The reason it is important for us to know what kind of fool this Proverb is talking about is that we tend to lump all the verses about fools together. And when we do that, it can become very confusing. These verses are not talking about a simple fool (pethîy). The Hebrew word used for the simple fool describes a child who lacks discernment, has no ability to recognize cause-and-effect, is immature, gullible and intensely curious. This kind of fool is to be corrected, disciplined, and counseled. But the fool described in these verses is one that has become stubborn and set in his ways. The issue addressed in these verses is not whether you can or should answer a fool. This kind of fool will likely remain a fool regardless of whether you answer him or not. It is really about the common sense you need in determining how to answer a sensual fool. If you answer him in the hopes to convincing him he is wrong, you will only become embroiled in an argument that leaves you looking as foolish as he is. But if you answer him with the intent of exposing his foolishness, pride, and arrogance, you can walk away knowing that you have done all you can do. It is not your job to change him. You will never argue this kind of fool into seeing reason. These verses are warning us to go into the situation with our eyes wide open, knowing just what kind of fool we are dealing with. One of the big takeaways has to do with our intent. Arguing with a sensual fool is a waste of our time. Exposing a sensual fool is sometimes all you can do, in the hopes that it will help them see their own pride and foolishness. But someone who has reached this stage of foolishness will most likely remain just as they are. Their problem is not a lack of knowledge or cloudy thinking. It is pride, arrogance, and a lack of wisdom. Their hearts are not in love with God. And until that changes, no amount of discussion will change their situation.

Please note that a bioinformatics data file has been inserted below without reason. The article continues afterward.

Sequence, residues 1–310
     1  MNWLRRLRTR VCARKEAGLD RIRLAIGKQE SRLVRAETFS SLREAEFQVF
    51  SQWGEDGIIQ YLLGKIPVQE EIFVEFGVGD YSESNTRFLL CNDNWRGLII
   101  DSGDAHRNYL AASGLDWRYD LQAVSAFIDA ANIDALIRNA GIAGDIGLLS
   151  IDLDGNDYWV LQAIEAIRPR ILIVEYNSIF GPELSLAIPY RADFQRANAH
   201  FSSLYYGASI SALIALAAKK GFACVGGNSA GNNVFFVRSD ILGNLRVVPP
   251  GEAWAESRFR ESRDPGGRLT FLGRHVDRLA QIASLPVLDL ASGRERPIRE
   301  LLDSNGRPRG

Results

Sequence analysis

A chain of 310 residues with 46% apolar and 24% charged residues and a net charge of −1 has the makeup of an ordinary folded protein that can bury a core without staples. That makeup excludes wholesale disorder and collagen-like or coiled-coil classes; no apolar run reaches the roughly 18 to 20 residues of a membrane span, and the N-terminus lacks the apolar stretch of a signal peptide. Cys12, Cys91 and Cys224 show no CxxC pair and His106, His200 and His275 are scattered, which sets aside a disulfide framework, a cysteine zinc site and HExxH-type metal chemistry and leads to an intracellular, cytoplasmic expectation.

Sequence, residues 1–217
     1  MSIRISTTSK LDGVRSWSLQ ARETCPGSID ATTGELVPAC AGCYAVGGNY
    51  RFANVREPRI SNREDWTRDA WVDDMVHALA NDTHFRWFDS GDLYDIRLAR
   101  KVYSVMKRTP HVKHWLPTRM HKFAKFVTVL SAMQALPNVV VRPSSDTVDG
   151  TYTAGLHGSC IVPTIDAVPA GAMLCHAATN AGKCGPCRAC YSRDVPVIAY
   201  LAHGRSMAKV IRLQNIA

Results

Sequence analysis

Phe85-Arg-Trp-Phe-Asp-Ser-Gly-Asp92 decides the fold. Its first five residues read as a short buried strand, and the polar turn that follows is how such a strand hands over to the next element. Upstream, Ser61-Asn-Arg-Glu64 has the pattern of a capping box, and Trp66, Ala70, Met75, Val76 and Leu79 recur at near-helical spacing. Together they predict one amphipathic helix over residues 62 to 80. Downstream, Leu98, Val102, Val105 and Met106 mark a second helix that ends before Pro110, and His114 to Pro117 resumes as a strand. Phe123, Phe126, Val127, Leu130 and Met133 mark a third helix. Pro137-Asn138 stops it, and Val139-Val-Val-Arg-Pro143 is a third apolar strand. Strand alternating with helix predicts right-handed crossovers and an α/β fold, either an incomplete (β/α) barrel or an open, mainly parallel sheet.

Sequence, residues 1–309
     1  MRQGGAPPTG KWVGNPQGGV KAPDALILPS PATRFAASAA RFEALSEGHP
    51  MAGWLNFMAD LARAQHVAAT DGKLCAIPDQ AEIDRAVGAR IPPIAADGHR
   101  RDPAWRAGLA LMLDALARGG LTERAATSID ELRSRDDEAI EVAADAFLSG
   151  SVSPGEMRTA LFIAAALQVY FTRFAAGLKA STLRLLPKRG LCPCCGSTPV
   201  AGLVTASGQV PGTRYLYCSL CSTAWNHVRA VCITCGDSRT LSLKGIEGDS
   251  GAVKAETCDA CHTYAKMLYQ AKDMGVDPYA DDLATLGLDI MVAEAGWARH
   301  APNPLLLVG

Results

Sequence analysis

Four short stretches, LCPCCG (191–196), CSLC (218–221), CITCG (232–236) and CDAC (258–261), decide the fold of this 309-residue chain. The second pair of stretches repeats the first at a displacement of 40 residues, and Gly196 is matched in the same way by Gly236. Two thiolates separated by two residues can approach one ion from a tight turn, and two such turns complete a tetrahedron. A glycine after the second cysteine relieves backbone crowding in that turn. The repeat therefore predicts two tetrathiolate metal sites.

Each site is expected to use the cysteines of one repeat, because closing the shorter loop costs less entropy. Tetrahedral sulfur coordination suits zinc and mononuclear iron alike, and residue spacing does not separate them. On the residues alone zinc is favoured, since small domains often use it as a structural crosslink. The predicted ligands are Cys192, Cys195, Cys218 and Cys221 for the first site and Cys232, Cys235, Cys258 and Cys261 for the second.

Father, there are so many sensual fools in the world. And I have found myself falling into that category at times over the years. Give me the wisdom to know how to answer this kind of fool. Help me recognize them for what they are and realize that only You can change them. I have an obligation to expose their foolishness and pride, but I have to understand that I will never argue them out of their foolishness. Only you can change their hearts. Amen.

Ken Miller

Grow Pastor & Minister to Men
kenm@christchapelbc.org

Proverbs 23d

Be Wary of Wealth.

“Don’t wear yourself out trying to get rich. Be wise enough to know when to quit. In the blink of an eye wealth disappears, for it will sprout wings and fly away like an eagle.” – Proverbs 23:4-5 NLT